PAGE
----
AAS Meeting #193 - Austin, Texas, January 1999
Session 91. Computers in Education
Education, Oral, Friday, January 8, 1999, 2:00-3:30pm, Room 9 (C)

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[91.03] Stardial: an autonomous astronomical camera on the Web

P. R. McCullough, D. W. Logan (U. of Illinois at Urbana-Champaign)

Stardial is a stationary, weather-proof electronic camera for recording images of the sky at night and delivering them to the Web (www.astro.uiuc.edu/stardial/). Its field of view is 8x5 degrees and its limiting magnitude is 12. It was invented by the first author specifically for teaching astronomy via the Web. Stardial is in its third year of continuous monitoring of the equatorial region of the night sky, and it has archived more than 15 thousand images for students to investigate. We are aware of three universities and one high school that use Stardial, but there may be more. During the most recent quarter, Stardial delivered 1000 images per day to web surfers. Stardial's most successful teaching activities related to variable stars and asteroids, because those objects change with time and are therefore most interesting from Stardial's patient viewpoint. Following a feature article in the German popular magazine Sterne und Weltraum, German amateur astronomers have been busily finding unusual events (new variable stars, artificial satellite glints, etc) in Stardial's archive. The archive is a veritable mine of data for individual projects at either the university or the science-fair level. For example, one Chicago high school used Stardial's data in its feature presentation to the Illinois State legislature. As we write this abstract, the Stardial group is analyzing photometry from the entire Stardial archive and is working with the ROTSE group (www.umich.edu/~rotse/) to archive the entire (northern) sky on the Web each night at a resolution of 30 seconds of arc, with a limiting magnitude of 15. We anticipate demonstrating Stardial and also the new, all-sky archive at the meeting with a FITS image viewer written in JAVA.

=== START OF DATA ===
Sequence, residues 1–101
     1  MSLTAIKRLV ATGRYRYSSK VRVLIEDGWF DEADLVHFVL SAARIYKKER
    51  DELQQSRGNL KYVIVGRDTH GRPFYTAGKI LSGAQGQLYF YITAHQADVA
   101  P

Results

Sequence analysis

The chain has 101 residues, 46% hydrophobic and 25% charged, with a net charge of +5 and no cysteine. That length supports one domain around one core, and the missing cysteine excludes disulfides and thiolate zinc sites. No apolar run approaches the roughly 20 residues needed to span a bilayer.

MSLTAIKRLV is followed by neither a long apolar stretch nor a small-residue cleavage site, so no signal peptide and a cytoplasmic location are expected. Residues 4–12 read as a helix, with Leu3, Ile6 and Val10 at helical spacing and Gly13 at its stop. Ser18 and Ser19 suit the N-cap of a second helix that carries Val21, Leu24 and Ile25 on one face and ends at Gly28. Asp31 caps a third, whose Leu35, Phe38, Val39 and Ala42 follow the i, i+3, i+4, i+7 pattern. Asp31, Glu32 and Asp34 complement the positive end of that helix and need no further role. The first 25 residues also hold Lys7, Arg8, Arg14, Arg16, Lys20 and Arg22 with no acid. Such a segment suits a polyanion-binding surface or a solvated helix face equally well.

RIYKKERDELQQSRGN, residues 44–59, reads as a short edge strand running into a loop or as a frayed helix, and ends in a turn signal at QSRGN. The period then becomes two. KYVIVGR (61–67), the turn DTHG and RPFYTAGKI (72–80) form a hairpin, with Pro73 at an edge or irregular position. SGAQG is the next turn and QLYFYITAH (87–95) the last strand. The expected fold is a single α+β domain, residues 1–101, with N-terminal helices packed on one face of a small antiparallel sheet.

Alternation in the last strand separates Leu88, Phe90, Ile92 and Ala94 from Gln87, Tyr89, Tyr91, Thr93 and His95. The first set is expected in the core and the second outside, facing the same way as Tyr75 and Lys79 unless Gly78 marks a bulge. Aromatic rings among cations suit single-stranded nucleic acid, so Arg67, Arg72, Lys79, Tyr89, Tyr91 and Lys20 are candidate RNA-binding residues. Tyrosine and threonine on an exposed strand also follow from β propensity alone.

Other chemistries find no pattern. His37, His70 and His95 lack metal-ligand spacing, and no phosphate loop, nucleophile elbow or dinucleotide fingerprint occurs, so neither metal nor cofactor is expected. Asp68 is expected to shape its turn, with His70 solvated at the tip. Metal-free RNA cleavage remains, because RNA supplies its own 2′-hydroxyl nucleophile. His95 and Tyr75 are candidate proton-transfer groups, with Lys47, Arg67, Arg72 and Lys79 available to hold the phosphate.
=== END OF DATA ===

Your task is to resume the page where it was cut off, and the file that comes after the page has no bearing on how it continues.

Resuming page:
If you would like more information about this abstract, please follow the link to www.astro.uiuc.edu/stardial/. This link was provided by the author. When you follow it, you will leave the Web site for this meeting; to return, you should use the Back comand on your browser.

The author(s) of this abstract have provided an email address for comments about the abstract: pmcc@astro.uiuc.edu

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